Sometimes you just have to wonder how a case ever made it before a jury.
Take the case of Darcee Dee.
The Los Angelino lived in the Mammoth Park Apartments for four and a half months.
During that time (she claims) she was exposed to molds capable of producing mycotoxins, which in turn (allegedly) caused her to suffer from a laundry list of ailments ranging from fibromyalgia to dementia. The mycotoxin also (supposedly) increased her risks of various forms of cancer, which naturally causes her emotional distress.
So Darcee sues the apartment owners for allowing mold to contaminate her apartment. And she has three experts ready to testify that exposure to mycotoxins has caused her health to deteriorate.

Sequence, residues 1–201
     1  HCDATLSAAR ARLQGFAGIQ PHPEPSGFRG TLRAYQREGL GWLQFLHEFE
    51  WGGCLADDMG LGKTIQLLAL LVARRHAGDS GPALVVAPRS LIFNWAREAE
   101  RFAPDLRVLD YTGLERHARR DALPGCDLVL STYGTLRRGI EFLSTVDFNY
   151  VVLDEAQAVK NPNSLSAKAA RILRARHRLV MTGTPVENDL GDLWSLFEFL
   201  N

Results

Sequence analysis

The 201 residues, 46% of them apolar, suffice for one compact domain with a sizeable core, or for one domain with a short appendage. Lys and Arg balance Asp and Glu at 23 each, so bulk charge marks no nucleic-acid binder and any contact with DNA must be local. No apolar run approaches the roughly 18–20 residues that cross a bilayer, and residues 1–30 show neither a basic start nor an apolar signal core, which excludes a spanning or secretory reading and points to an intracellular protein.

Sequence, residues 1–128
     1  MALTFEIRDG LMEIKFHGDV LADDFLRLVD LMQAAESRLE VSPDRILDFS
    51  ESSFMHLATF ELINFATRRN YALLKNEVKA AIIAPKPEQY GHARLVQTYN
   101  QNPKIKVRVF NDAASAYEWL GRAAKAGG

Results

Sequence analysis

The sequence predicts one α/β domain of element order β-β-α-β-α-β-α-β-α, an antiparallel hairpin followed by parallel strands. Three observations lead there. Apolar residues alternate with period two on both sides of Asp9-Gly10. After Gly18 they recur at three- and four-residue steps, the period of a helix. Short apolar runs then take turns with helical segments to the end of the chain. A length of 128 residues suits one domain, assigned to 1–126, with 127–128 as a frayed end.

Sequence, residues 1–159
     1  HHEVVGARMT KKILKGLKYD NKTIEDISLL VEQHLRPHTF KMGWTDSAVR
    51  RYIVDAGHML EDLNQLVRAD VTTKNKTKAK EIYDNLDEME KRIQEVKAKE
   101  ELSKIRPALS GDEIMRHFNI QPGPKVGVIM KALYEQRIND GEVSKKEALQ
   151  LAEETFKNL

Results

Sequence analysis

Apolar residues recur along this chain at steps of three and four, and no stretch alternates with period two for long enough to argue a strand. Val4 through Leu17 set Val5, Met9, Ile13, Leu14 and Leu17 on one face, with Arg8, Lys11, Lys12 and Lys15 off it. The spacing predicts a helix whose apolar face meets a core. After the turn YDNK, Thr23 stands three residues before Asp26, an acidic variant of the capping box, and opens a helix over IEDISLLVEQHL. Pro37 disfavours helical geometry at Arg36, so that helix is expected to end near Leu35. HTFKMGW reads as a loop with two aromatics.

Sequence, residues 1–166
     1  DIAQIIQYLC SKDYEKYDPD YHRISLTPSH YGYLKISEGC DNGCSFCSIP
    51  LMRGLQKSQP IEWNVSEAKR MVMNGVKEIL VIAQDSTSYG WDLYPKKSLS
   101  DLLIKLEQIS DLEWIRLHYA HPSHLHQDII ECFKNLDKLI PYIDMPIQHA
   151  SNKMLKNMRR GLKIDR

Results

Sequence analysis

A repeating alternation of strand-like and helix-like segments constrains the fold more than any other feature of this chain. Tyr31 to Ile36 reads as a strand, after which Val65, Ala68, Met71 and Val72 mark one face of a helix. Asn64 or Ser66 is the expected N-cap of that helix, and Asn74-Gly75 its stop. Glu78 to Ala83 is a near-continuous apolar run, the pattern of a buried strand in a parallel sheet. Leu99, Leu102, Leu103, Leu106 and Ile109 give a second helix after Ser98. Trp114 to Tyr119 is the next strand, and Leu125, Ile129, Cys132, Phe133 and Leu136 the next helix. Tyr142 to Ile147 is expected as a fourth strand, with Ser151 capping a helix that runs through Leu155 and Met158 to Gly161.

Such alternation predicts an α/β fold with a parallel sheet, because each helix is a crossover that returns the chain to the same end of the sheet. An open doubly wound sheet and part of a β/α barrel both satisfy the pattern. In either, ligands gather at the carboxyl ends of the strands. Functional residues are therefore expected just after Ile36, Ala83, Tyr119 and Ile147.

Two big problems.
One, testing failed to show the presence of mycotoxins in the apartment at the time she lived there.
Two, medical tests purportedly showing Darcee suffered from the effects of mycotoxin exposure are not generally accepted by the medical community.
To no one’s surprise, the trial judge boots Darcee’s experts and a jury renders a defense verdict.
As the California Court of Appeal succinctly observed, the experts “sought to testify that Dee’s exposure to mycotoxins caused her symptoms and her susceptibility to cancer without any evidence that Dee was exposed to mycotoxins. [The experts’] opinions relied on an incorrect premise, and thus their opinions lacked evidentiary value.” (Dee v. PCS Property Management)
— Pat Murphy